My first few visits to the Saigon River waterfront were purely normal. In fact, my Vietnamese friend took me to the usual riverfront park that all Americans probably see. She didn’t know what I wanted, just that I wanted to hang out “at the river.” Sure, a lot of locals were fishing from the banks and piers, and young Vietnamese teens were walking hand-in-hand. In the downtown area – similar to American cities – the riverfront was clean and showcased. I shot a few photos – all of them postcards that said “Hello From Saigon!” But that’s not what I wanted. I wanted a local experience.
After some debate, I got one. Many locals are reluctant to show Americans anything other than the best of Saigon. It’s easy enough to find poverty and social ills without a local guide – especially in Southeast Asia. Although Vietnam, particularly southern Vietnam, is doing well (American industries do a lot biz in the southern half of Vietnam), many locals are embarrassed about the nation’s poverty and environmental situation. In any case, my friend put me on the back of her motorbike and off we went.
Somewhere just outside the city – I’m not sure where – we stopped on a bridge spanning the Saigon River. It was about 2 p.m. and the sun was burning hot. She dropped me mid-bridge, in the heavy traffic, and took off. At first I figured she left because the traffic was dangerous. Later, I learned, that she didn’t want locals to know that she was associated with the bloke that was photographing the slums and shacks along the river below.
The river rats - as my friend calls them - seem to embarrass the locals. They live for free along the rusted tin and plywood shacks that make up a large percentage of the river’s poorest inhabitants. Some of the tin, she said, came from American military forces during the war – just another reminder that the river is part of our history, too. The river, she says, was full of Americans for many years – the rusted tin and barbed wire nothing more than remnants of war.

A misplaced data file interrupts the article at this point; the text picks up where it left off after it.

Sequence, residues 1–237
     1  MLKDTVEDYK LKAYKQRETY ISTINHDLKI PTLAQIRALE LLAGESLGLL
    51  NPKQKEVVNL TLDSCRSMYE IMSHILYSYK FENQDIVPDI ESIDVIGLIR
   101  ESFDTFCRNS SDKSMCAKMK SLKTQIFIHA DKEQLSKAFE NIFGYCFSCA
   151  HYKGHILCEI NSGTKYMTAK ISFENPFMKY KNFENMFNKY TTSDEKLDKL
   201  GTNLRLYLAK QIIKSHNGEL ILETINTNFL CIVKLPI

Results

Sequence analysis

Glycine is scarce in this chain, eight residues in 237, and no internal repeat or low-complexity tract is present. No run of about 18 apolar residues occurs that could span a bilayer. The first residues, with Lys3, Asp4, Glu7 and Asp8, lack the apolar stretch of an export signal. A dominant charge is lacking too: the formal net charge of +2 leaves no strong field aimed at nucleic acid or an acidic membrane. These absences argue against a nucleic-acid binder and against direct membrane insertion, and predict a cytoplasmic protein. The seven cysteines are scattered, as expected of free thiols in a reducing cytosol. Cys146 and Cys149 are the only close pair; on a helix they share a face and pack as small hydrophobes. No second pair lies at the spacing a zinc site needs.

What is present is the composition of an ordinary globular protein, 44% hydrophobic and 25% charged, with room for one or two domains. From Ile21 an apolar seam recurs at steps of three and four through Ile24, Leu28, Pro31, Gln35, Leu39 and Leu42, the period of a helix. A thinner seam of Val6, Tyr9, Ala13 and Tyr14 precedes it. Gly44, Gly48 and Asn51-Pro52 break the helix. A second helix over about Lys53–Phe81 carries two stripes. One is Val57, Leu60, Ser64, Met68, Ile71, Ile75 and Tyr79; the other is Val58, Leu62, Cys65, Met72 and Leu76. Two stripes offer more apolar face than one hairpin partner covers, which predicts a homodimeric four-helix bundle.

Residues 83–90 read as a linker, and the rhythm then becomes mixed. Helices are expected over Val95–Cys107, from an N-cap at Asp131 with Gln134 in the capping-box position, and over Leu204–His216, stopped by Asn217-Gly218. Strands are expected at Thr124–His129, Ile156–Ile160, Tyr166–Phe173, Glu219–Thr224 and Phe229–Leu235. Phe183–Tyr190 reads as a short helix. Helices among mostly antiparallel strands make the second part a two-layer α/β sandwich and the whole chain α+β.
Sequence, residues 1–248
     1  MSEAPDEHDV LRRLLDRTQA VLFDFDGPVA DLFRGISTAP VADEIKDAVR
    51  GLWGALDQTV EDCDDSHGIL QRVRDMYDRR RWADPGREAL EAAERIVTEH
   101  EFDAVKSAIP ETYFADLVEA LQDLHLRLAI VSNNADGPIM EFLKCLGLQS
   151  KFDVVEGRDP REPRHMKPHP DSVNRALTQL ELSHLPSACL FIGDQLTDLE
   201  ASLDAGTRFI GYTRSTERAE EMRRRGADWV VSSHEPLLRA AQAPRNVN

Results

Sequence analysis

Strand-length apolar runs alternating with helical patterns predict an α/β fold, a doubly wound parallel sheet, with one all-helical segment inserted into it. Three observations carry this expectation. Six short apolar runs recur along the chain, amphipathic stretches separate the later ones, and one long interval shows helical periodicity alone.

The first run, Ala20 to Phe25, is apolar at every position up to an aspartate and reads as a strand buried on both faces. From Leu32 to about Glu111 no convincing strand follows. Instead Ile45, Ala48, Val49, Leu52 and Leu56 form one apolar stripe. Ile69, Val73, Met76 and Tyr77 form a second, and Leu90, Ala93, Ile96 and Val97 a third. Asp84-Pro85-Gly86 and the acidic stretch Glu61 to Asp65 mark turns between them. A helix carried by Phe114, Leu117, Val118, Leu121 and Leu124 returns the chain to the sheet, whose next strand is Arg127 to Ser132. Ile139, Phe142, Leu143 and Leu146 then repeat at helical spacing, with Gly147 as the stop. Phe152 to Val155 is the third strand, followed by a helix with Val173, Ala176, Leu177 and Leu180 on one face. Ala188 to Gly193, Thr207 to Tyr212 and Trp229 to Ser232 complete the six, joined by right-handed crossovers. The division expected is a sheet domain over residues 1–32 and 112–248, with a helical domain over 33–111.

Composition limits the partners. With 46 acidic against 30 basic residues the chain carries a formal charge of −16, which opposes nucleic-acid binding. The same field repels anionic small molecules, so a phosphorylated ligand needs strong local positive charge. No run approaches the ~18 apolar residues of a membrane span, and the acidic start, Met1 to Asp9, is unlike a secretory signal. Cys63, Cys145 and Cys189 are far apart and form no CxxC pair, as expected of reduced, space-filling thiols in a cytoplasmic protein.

“The Americans loved tin and barbed wire,” says my friend Ngoc. Her dad was a South Vietnamese pilot, killed in action fighting alongside U.S. forces. “You still see it along the river from way down south to Saigon.” In fact, the tin shacks along the riverbanks near Saigon give way to thatched huts north and south of the city. The tin huts are a decades-old reminder of the Vietnam War that doesn’t exist outside of the city. For most residents, especially the youth, the war of the past and the river of today are of little consequence. But at night, the river comes alive.
On a humid Saturday night, Ngoc and I motorbiked our way to the outskirts of Saigon. I only ask that we go to a local river hang-out. The brilliant lights of the city’s riverfront stays on the horizon. In the distance, modern glass and steel skyscrapers dazzle the city’s landscape with multicolored mosaics of light. After a 20-minute ride, butt thoroughly buzzed to numbness, we stop. And we have company.
Away from the city, to get the best view, and far from cops and nosy adults – the youth find their spot. The view of the city away is a reminder of the chaos left behind – if even for a moment – but also a view of the city they love. The Saigon River, flowing below, is lit by colored lights along the boardwalk. Below the bridge, locals relax in chairs, sit on motorbikes, chat among friends, and fan the humid air away from another sultry day.
This is life along the city’s river. Free and easy, relaxed and slow.
Her name is Saigon.
The original article was published at http://www.jahancruises.com/River-Blogs/lifealongthesaigonriver